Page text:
In the study, the annual 'Kådiskollen' (literally: condom check) by the Swedish Association for Sexuality Education (RFSU), a total of 44 percent of Swedes described themselves as satisfied with their sex lives while 31 percent said they were not satisfied.
The corresponding figures for their Nordic neighbours were: satisfied, 44 percent (Norway) and 46 percent (Denmark and Finland); and unsatisfied, 26 percent (Finland), 28 percent (Norway) and 27 percent (Denmark).
A total of 72 percent of those Swedes who described themselves as unhappy said it was because they did not have sex as often as they would like to.
One in five women said not having orgasms was the main reason they were unhappy, while only five percent of male respondents listed that as a factor. Half of all Swedish women interviewed said they had faked an orgasm at some point, compared to 16 percent of all men.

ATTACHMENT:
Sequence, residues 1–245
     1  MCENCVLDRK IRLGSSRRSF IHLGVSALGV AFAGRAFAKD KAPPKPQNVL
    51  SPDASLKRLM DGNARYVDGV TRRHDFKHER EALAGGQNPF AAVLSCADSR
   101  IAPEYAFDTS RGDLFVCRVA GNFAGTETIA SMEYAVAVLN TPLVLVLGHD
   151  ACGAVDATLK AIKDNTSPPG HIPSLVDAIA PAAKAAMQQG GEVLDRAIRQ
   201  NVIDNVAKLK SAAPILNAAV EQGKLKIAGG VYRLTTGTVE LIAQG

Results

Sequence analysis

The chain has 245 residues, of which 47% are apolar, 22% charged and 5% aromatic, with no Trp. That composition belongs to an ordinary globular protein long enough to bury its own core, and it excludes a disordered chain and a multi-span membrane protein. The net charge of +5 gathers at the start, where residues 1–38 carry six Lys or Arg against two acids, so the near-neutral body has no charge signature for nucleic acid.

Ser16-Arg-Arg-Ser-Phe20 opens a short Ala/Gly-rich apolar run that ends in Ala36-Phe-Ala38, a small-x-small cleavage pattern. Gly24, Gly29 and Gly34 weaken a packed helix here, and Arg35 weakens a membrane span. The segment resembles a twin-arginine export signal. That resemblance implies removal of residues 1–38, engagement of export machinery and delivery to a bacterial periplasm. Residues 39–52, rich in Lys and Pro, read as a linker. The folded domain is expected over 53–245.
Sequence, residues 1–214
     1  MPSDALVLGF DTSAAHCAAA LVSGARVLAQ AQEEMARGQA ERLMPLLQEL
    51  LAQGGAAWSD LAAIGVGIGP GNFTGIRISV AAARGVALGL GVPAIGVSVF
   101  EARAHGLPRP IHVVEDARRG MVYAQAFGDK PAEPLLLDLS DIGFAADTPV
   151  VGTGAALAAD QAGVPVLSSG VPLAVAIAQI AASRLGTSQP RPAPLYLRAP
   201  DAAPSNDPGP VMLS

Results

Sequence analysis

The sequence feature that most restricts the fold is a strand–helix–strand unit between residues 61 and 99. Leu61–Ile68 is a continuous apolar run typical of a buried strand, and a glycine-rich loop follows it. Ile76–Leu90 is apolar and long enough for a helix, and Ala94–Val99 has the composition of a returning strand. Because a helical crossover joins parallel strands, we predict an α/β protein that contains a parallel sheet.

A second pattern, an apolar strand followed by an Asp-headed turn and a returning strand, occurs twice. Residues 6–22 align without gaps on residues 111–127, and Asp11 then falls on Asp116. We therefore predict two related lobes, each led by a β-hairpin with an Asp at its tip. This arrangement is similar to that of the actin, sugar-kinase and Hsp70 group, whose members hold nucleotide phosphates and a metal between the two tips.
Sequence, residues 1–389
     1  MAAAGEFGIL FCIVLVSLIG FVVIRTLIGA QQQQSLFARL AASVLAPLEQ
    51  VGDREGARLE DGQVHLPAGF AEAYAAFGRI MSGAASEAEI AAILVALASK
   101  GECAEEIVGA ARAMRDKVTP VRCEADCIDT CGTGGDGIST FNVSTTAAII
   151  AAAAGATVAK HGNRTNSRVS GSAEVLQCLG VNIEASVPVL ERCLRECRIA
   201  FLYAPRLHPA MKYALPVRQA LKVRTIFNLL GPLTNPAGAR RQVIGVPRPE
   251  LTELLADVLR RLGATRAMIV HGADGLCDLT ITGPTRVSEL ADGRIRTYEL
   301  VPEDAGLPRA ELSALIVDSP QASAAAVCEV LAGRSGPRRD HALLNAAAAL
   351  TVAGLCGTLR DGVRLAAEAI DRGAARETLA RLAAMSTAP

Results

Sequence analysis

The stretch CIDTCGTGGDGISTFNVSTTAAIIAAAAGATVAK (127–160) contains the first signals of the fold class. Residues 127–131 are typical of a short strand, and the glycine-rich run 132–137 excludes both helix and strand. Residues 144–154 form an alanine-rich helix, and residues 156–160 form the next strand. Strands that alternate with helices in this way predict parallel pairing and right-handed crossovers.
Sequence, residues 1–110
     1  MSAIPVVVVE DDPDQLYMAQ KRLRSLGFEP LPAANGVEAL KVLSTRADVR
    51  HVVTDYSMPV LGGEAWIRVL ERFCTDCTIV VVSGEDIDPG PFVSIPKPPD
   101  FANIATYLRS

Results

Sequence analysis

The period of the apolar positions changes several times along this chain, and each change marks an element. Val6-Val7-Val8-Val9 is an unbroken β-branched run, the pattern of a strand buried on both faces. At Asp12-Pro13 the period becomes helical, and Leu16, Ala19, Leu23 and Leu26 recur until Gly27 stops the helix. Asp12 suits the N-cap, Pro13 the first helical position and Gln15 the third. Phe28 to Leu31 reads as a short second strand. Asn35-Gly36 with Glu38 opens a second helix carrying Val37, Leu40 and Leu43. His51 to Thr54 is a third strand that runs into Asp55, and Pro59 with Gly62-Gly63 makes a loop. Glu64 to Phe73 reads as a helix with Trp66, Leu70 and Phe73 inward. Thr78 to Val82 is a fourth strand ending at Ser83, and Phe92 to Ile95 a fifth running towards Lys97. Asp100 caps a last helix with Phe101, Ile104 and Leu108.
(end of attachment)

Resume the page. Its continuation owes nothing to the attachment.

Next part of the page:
The survey interviewed 4,260 people in Sweden, Norway, Finland and Denmark aged 15-65.
While Swedes may have a reputation for their liberal attitude to sex, the frequency of a romp in the hay is dropping, and the government announced last month that it would launch a study to investigate why.
“If it had been down to free choice it wouldn't have been a problem – obviously the state shouldn't tell people how often to have sex – but it is often linked to stress, pressure and people feeling they don't live up to a certain body ideal. That's a problem and it will lead to people feeling even worse. We're humans, we need intimacy,” health minister Gabriel Wikström told The Local in March.